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Re: Adding configure flag
- From: Jonathan Wakely <jwakely dot gcc at gmail dot com>
- To: Aurelio Remonda <aurelio dot remonda at tallertechnologies dot com>
- Cc: "libstdc++" <libstdc++ at gcc dot gnu dot org>
- Date: Sat, 31 Oct 2015 12:04:09 +0530
- Subject: Re: Adding configure flag
- Authentication-results: sourceware.org; auth=none
- References: <CANLsssspTRnapDeq7c0gcW+X=qbO9=zTxA5G+vZDzv07akiy9Q at mail dot gmail dot com> <CAH6eHdR+8mN3TB_MRN29nLdbP9JtHBofrpZs2eXYbOo6Q1P-9w at mail dot gmail dot com> <CANLssstC9iM7+h_67fKAm4sv0eG=fxSdM2aqGi3ssYVGTHK01g at mail dot gmail dot com> <CAH6eHdTgW_he096gAK4GpWBO7__OXoQBiTEteYaCiOGDbz6BXQ at mail dot gmail dot com> <CANLsssvSvZygh13CN+nT5XgfbM_JciwBvGDo7ZVXpX=gQBMYLQ at mail dot gmail dot com>
On 30/10/2015, Aurelio Remonda wrote:
>>>> Try using autoreconf, to make sure config.h.in is regenerated
>>>> (although I think autoconf should do that anyway).
> I did make autoreconf work but i had to change the autoconf version to 2.69
> configure.ac:3 AC_PREREQ(2.69)
> override.m4:32 [m4_define([_GCC_AUTOCONF_VERSION], [2.69])])
> They were both 2.64 and autoreconf complains about it.
Don't change the required version (any patch doing that will never be accepted).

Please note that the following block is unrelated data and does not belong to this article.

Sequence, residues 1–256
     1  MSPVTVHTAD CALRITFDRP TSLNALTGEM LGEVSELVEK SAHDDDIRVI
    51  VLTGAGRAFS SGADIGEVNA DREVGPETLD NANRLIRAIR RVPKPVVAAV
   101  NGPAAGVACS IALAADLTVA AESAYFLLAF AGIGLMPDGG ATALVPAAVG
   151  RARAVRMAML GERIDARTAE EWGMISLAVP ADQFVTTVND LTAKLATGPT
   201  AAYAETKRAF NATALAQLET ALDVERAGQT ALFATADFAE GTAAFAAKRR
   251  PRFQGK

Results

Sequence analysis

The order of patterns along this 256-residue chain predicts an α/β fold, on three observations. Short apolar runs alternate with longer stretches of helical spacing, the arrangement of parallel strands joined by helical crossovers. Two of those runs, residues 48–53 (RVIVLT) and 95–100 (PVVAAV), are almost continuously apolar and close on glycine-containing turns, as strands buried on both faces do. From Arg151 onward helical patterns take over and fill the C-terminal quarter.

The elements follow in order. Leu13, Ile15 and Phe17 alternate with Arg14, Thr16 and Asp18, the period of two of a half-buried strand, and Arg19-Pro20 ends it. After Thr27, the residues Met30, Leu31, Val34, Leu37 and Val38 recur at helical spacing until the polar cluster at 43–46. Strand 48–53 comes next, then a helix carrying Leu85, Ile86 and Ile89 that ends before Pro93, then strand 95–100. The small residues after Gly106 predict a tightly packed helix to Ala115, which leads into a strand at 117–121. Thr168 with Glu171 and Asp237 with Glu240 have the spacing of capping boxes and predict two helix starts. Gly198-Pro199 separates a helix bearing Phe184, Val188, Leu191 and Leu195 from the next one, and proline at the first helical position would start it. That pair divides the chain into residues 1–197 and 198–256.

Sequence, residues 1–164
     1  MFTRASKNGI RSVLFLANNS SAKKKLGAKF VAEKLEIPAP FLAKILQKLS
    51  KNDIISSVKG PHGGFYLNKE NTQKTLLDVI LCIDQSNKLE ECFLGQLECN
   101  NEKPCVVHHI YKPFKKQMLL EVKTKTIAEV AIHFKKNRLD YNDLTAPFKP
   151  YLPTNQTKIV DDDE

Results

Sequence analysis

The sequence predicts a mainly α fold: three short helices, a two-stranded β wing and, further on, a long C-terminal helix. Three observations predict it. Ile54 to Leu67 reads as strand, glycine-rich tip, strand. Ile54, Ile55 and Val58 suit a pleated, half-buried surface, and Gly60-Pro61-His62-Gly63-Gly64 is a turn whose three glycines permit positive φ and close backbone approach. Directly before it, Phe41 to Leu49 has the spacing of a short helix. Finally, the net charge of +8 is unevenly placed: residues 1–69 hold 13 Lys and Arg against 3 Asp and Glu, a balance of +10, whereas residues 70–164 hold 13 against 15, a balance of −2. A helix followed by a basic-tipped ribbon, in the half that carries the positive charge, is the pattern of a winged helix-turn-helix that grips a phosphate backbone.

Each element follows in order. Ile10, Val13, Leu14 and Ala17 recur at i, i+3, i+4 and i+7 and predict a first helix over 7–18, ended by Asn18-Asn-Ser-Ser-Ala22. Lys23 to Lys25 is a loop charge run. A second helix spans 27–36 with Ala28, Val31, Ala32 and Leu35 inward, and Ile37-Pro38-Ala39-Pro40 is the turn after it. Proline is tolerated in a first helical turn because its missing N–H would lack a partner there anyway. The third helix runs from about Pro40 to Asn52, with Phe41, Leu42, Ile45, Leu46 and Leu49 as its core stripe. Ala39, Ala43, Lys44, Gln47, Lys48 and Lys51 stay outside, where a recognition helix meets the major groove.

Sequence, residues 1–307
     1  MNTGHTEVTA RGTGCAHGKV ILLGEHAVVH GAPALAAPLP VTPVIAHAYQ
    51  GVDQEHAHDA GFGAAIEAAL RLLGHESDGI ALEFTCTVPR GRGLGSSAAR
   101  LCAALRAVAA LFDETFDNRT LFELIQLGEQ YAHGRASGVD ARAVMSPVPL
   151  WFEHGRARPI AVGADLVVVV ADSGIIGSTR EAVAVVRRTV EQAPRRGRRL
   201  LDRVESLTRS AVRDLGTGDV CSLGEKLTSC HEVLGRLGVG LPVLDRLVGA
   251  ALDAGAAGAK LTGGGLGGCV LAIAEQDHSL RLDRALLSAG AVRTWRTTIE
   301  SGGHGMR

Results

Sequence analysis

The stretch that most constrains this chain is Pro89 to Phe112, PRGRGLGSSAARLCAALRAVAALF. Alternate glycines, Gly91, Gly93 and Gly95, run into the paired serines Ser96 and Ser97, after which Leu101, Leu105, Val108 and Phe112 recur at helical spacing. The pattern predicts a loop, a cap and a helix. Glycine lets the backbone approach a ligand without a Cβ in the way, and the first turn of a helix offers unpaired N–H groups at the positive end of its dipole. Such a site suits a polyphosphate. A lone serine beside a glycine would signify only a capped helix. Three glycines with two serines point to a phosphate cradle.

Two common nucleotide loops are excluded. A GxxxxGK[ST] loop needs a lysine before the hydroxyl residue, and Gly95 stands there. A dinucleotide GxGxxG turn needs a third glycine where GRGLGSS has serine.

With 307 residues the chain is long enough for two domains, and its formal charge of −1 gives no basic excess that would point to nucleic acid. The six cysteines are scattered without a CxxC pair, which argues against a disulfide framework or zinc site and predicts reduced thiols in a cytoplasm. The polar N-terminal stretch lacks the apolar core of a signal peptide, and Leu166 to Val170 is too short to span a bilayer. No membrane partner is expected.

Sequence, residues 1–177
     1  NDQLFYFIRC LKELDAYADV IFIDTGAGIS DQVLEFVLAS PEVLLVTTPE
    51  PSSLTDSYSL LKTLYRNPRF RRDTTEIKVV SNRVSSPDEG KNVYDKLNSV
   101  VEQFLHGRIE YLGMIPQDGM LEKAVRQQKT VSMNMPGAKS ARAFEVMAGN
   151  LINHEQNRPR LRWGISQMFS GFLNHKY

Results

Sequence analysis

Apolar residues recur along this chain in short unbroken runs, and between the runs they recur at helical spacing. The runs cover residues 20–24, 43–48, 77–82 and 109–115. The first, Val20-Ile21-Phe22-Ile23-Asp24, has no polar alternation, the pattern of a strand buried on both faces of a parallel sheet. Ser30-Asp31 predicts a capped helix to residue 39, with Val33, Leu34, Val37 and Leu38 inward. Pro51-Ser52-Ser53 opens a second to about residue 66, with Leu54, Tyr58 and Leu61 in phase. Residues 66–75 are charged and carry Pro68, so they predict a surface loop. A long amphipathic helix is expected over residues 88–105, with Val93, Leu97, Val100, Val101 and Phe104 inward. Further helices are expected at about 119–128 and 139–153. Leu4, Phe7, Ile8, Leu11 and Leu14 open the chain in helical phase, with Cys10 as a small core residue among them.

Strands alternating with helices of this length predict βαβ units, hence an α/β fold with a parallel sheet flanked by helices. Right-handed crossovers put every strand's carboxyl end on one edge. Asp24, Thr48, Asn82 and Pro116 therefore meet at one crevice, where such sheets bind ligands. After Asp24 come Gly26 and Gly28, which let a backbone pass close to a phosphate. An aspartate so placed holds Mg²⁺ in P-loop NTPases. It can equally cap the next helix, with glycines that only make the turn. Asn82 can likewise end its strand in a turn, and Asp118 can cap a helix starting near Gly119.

You need to install the right version of autoconf and ensure your PATH
will cause it to be used before any other version of autoconf you have
>> When libstdc++ is built you should see it print "checking for enabled
>> if" (and you should be able to search for that in the
>> $target/libstdc++-v3/config.log file)
>> And then you should see you macro in
> It works now :)
>>>> Also, I added the following to libstdc++v3's acinclude.m4:
>>>> AC_DEFUN([GLIBCXX_ENABLE_NEW_OPNT_IF], [
>>>> GLIBCXX_ENABLE(new-opnt-if,$1,,[enable if on new_opnt instead of
>>>> if test $enable_new_opnt_if = yes; then
>>>> AC_DEFINE(_GLIBCXX_NEW_OPNT_IF, 1,
>>>> [Define is new_opnt will be used instead of while.])
>>>> AC_MSG_CHECKING([for enabled if])
>>> This message isn't very helpful.
> Im working on the flag name and the messages, is there any rule for
> this? or any personal suggestion?
Try to describe the change to the semantics of the operator, not how
you modified the implementation.
So maybe --disable-retrying-allocation-after-new-handler would be more
descriptive, although that's very verbose.
[Define if new_opnt should not retry allocation after calling
the new handler.])
AC_MSG_CHECKING([whether no-throw operator new should retry
allocation after calling the new handler])